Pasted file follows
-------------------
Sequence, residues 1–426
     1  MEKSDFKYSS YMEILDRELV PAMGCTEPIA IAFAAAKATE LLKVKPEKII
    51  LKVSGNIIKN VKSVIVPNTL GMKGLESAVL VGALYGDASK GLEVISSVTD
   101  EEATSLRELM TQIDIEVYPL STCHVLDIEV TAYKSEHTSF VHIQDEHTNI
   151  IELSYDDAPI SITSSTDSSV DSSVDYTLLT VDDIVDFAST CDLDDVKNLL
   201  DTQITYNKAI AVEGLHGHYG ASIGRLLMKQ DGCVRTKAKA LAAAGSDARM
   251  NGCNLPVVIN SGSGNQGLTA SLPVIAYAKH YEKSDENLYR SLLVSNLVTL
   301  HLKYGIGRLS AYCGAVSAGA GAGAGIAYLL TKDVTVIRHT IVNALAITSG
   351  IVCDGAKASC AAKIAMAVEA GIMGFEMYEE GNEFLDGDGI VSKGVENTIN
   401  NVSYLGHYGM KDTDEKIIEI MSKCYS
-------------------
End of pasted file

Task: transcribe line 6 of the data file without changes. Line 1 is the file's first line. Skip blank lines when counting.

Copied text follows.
   201  DTQITYNKAI AVEGLHGHYG ASIGRLLMKQ DGCVRTKAKA LAAAGSDARM